Interest Rates are rising or so the pundits say. Fed changed some wording on a sacred document and the market is convinced money will cost more. Usually banks do well in a rising interest rate environment. Lock in low cost deposits and capital. Lend and invest at variable rates and watch the spread expand.
True that but only so far.
Credit cards are fixed rate. They really have not come down as interest rates declined. After you chew through the tricky mumbo jumbo of a basic card holder agreement most credit card users are paying around 20%. Many are paying something north of that like 28% plus difficult to avoid fees.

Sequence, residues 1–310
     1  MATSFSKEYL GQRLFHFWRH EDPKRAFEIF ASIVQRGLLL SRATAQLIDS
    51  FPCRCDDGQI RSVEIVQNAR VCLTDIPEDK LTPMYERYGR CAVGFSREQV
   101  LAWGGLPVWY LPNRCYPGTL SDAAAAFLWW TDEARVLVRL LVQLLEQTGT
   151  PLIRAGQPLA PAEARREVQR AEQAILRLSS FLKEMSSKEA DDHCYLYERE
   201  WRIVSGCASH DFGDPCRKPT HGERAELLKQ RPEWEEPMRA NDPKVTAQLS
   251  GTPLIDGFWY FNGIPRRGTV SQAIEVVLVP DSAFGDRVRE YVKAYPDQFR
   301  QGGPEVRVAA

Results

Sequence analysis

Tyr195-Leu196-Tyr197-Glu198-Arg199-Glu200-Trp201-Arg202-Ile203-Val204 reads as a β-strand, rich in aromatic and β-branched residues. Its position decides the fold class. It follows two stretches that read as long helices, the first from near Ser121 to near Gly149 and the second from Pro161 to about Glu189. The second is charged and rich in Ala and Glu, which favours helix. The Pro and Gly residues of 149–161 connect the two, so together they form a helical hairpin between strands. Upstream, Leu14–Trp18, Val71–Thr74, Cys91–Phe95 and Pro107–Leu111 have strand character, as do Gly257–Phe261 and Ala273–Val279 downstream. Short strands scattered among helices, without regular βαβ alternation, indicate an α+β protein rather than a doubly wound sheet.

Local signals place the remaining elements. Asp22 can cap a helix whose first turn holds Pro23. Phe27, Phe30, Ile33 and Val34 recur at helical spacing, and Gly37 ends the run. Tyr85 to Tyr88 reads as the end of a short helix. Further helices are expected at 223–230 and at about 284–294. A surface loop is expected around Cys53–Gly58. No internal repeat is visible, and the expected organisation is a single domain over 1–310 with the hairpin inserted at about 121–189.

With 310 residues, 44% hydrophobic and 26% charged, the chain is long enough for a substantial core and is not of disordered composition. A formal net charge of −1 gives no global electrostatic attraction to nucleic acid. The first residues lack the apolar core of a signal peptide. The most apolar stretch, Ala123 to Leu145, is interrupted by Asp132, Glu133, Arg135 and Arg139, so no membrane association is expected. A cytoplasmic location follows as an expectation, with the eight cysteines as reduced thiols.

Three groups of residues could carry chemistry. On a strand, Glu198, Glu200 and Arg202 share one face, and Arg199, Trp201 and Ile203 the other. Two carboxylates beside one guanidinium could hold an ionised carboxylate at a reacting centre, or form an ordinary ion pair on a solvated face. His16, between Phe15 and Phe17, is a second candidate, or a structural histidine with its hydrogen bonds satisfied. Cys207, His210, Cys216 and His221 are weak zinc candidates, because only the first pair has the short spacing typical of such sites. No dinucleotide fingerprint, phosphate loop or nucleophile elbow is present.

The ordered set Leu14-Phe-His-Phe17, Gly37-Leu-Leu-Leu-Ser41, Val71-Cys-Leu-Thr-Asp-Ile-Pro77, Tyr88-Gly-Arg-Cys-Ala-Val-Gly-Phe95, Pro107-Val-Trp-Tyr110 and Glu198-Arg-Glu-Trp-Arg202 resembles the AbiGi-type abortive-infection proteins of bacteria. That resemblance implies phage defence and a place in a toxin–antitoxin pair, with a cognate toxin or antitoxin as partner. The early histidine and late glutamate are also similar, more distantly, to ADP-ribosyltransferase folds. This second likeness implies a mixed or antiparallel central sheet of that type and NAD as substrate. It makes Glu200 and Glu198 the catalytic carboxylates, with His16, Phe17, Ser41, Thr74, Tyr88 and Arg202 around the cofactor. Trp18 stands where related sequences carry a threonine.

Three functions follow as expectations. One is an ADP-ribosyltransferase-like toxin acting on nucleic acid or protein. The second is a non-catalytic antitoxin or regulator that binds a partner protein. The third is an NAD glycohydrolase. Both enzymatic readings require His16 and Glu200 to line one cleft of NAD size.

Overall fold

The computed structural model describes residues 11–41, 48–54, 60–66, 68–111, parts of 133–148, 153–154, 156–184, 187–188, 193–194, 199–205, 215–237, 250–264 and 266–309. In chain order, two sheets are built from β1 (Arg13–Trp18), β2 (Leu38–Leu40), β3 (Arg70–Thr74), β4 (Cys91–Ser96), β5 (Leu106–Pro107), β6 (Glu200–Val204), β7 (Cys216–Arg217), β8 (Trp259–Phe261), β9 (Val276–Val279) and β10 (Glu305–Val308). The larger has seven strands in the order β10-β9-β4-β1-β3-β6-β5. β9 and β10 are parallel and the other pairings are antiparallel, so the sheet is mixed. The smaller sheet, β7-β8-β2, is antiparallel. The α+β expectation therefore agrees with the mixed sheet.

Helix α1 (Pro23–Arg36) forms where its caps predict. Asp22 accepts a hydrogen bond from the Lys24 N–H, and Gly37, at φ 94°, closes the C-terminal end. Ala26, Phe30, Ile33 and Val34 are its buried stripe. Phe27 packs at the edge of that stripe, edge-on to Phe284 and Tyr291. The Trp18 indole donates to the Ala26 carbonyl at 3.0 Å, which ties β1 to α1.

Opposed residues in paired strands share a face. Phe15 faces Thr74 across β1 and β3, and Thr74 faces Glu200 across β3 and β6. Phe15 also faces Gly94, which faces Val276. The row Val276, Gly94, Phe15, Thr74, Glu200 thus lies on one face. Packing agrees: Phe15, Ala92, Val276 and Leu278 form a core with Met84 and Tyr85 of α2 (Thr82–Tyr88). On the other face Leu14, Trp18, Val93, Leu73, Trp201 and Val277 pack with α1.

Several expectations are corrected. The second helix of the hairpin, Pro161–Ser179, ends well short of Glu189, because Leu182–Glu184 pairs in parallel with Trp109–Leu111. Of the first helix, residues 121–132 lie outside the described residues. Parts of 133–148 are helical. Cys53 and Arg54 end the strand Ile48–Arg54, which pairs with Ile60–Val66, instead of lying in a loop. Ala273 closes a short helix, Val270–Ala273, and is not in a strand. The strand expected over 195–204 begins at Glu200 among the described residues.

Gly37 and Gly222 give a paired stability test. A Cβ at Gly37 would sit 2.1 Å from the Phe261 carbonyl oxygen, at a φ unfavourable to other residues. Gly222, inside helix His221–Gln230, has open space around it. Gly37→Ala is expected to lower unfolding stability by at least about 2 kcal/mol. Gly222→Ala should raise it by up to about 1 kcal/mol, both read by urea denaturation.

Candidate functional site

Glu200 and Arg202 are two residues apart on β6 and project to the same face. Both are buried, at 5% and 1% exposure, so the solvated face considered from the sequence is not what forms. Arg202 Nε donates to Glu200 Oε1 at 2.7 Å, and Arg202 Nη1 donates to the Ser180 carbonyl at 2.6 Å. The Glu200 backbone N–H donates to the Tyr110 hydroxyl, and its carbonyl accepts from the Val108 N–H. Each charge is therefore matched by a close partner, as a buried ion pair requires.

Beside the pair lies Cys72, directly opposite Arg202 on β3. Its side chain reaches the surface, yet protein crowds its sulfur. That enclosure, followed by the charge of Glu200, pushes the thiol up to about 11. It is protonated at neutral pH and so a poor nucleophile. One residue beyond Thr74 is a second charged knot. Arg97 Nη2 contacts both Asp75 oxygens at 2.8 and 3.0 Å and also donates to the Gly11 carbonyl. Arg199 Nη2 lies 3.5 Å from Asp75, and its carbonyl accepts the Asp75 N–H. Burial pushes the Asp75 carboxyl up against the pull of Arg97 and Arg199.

That’s the way it used to be before the financial crisis. The banks may attempt to increase fees but the election cycle consumer turning into political pressure will be too high.
So spreads will narrow and that’s on the good accounts. The high risk accounts will increase defaults and the mathematical algorithms will start to invalidate.
Got that: The spreads will start to narrow as funding costs start to go up.
Not good for financial institutions. Wonder what the stress tests are showing on this fissure.
George Gutowski writes from a caveat emptor perspective.